The blog I've always dreamed of writing, written.

Development Tempered User Experience

Originally published May 12, 2015 5:13 PM

Ancient History

UX professionals come from generally one of two camps - visual design and academic HCI, or architectural design and development.  I’m firmly in the latter group.  My experience entering User Experience Design and Architecture was built firmly in the trenches of Front End Development.  

My earliest positions in digital marketing were titled Web Production, mostly because it was a component of a larger team that needed support on the front-end. Internet marketing in these days was managed a lot like print, but the rules for how to make content work, even simple links, frames and HTTP/IP routing were not so widely known. For smaller sites, that was the realm of the Webmaster.  The state of the art of web pages was table-based layout. In those days, we were pioneering loyalty-email marketing so reporting and tracking was paramount.  It was before search was so dominant, and content publishing was highly manual.  Email marketing to this day remains a mine-field of arcane, incompatible client code-bases. Troubleshooting email is like dealing with 100 different flavors of IE6.

Fast forward past an acquisition and you’ll find I’d self-grown experience with more arcane front-end techniques, such as DHTML and Javascript-enabled web components like XSLT and Ajax. Browsers were starting to support more CSS, but we still relied on Flash for highly visually-interactive modules. Performance of the code in the browser was an important value for high-traffic places like a homepage with daily visits exceeding 100,000.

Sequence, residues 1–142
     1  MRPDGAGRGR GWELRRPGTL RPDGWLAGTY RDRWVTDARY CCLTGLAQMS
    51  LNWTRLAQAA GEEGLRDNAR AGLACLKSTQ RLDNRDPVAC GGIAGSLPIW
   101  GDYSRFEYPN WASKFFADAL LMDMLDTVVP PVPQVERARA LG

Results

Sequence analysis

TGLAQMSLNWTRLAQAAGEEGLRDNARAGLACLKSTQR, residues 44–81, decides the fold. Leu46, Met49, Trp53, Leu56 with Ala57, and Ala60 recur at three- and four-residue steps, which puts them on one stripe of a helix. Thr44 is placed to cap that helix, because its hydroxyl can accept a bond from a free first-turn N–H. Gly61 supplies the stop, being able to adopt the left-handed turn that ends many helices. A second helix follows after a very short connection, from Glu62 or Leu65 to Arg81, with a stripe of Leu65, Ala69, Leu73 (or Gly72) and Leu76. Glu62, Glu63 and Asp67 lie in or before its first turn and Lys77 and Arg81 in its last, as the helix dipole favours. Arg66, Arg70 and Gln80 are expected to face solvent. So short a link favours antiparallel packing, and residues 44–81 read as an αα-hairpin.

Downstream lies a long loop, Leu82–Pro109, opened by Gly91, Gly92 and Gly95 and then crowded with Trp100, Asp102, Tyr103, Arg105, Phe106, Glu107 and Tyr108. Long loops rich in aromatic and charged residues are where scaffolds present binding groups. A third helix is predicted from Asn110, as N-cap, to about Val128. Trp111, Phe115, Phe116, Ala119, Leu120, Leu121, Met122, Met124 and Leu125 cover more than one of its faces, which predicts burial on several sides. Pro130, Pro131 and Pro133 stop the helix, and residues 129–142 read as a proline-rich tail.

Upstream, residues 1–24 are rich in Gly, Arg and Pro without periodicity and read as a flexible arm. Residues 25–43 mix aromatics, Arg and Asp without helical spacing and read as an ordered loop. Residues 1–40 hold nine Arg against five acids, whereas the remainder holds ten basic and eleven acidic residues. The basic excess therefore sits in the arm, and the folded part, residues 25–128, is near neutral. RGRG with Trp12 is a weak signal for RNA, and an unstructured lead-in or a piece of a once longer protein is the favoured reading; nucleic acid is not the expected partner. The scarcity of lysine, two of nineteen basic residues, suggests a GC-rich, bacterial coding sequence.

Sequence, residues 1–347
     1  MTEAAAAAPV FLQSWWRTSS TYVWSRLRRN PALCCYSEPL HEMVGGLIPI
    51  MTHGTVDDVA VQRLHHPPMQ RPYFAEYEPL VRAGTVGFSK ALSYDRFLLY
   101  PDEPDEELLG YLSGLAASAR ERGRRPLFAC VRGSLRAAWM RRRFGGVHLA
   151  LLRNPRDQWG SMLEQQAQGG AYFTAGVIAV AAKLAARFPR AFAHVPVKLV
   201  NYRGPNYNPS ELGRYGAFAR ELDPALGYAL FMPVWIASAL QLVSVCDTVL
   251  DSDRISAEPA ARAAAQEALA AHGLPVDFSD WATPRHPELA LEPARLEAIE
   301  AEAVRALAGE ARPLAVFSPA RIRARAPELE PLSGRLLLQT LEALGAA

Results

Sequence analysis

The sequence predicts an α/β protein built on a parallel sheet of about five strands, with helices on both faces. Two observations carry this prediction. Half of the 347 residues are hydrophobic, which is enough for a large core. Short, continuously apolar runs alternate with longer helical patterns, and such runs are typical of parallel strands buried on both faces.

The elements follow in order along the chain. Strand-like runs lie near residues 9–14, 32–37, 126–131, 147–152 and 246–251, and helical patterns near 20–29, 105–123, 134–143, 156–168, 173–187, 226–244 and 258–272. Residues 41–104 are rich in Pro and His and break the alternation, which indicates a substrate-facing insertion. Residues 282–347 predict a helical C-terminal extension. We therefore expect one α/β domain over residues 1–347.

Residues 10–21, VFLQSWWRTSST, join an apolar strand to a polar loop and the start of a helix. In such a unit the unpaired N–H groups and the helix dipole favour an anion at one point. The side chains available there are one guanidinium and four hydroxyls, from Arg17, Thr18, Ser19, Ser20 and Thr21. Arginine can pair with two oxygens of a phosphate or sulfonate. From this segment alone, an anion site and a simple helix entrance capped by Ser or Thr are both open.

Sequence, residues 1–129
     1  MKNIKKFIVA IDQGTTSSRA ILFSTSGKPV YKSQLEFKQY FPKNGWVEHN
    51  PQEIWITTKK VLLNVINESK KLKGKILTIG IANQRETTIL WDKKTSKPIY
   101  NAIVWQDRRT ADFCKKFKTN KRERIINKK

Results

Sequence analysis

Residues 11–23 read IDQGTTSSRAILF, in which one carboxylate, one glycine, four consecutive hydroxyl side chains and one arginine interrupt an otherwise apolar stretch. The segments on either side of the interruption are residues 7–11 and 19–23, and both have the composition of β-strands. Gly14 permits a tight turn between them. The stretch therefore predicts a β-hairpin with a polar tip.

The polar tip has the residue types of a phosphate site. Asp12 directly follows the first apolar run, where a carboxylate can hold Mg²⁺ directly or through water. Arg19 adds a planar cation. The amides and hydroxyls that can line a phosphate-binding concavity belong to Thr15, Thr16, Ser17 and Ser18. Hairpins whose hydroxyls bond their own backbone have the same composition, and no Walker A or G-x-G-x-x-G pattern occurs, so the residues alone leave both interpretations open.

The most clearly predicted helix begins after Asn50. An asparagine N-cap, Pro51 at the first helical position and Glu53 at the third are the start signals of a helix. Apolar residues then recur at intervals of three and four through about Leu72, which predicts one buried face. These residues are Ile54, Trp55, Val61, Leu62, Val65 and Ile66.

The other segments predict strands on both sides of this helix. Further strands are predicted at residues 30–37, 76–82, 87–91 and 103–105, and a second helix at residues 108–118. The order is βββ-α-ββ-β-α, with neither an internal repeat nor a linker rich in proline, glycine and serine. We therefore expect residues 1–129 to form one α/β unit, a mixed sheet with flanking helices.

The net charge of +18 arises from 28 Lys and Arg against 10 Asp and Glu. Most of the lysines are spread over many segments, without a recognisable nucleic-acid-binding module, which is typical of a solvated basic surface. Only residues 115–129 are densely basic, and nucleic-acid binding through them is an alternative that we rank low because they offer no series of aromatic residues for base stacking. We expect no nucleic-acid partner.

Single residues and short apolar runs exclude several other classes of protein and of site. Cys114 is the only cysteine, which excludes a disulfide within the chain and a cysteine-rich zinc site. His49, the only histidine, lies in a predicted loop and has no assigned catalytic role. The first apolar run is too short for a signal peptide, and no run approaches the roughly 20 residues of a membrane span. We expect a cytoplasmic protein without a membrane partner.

Before long, I was transplanted into start-up life in the pacific northwest. This team was working on installed enterprise applications, but using a web-front-end.  The framework was J2EE based, using an MVC framework for rapid development (Tapestry).  The expectations for interactivity exceeded anything I’d done in the consumer space, and required realtime process control instrumentation for a new market space called “Run-book Automation”.  No one else knew how to design AND develop for the web-UI on the team, but I was able to take a rough coded mockup from static to running code for a secure and scaleable web platform.

In those days, we ran software scrums to align the entire product and engineering teams to our objectives.  It was all too common to whiteboard out the basic idea with product/engineering/qa all at the table. The next couple days would be spent defining the exact interaction and getting a nightly build running with the results. More frameworks were starting to mature, and we integrated early jquery and dojo libraries. Visual design was left to the engineer closest to the code needing visual treatments(me), so I experimented with visual / aesthetic design. The app was for IT people, so expectations were low.

Two acquisitions later, and our little run-book automation tool is now part of Hewlett Packard and a pillar of their IT Automation suite of products spanning servers, networks, storage and other IT infrastructure components. Our private web-platform app is now being sold in international markets. We’ve moved from hand-rolled javascript interactions to more enterprise-grade tools like Adobe Flex and Google Web Toolkit - a Javascript generated application written in Java and cross-compiled.  Localization and Internationalization becomes a priority along with Accessibility and Performance.

This was the end of my time spend as a pure engineer with meager design skills. I was consulting with other UX Architects in the engineering branch of HP at this time, and decided that my interests were less aligned to code-reviews and bug-reports than they were to answering “What’s the value of providing feature-set X?”  or “What kind of person would find this interaction helpful and usable?“

While I was perfectly capable of monitoring clicks and running ant-build scripts to test out my changes in half a dozen browsers running in virtual machines, or spending the afternoon resolving a merge-conflict, it wasn’t as challenging as drafting a proposal for a new interaction flow, or a new way to present and understand the behavior of the system.  I found myself asking “why” over and over. Gradually, it became apparent that the more creative, design-thinking component of my activities was going under-served.

I pivoted in my next position:  UX Designer, team-of-one on another start-up engineering team.